Background The emergence and transmission of multidrug-resistant (MDR) and extensively drug-resistant (XDR) Mycobacterium tuberculosis (Mtb) strains is a serious threat to tuberculosis control in Botswana. Early detection of drug-resistant isolates is critical to ensure optimal treatment and thereby improve treatment outcomes. The objective of this study was to determine the extent of second-line drug resistance among drug-resistant Mtb-isolates from Botswana.
Methods A total of 60 drug-resistant Mtb isolates received at Botswana National Tuberculosis Reference Laboratory between 2012 and 2013 were analysed. DNA was extracted from BD Mycobacterial Growth Indicator Tubes (MGIT) using GenoLyse DNA isolation kit (Hain Lifescience). Spoligotyping was done using a commercially available spoligotyping kit (Isogen Life Science). The spoligotype patterns were compared with existing patterns in the SITVIT2 Web database. GenoType MTBDRs assay (Hain Lifescience) was used for second-line drug susceptibility testing. Fisher’s exact test was used to test for association between drug resistance patterns and HIV status, lineage and geographical location.
Results Seventeen distinct spoligotype patterns were detected amongst the 60 drug-resistant isolates. The most predominant lineages were Euro-American (58.3%), East Asian (25%) and Indo-Oceanic (15%). Fifty (83.3%) were MDR, 7 (11.7%) were resistant to fluoroquinolones (Pre-XDR) whereas 3 (5%) were resistant to both fluoroquinolones and second-line injectable drugs (XDR). Drug resistance profiles were significantly associated with Mtb lineage (p<0.001). There was no association between drug resistance profile and HIV status (p=0.057) and geographical location (p=0.372).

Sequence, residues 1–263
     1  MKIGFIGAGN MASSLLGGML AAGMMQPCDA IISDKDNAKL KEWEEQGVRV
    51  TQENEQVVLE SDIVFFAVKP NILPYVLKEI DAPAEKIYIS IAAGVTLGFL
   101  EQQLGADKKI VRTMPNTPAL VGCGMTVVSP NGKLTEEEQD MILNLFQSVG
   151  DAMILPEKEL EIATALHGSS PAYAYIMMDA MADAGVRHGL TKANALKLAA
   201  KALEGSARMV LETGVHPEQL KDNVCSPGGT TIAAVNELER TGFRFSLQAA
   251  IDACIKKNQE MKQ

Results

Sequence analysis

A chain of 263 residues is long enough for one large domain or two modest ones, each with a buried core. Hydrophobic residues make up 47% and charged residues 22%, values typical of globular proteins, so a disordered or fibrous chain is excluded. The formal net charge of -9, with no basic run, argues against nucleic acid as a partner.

Conclusion This study highlights the importance of including second-line drug susceptibility testing in a testing algorithm in Botswana. The detection of XDR isolates among MDR-TB isolates highlights the ongoing evolution of resistance and the need for strengthened treatment regimens to improve treatment outcomes and to prevent the spread of these highly resistant strains. Second-line testing will be essential if the 9 month MDR regimen is used in Botswana.
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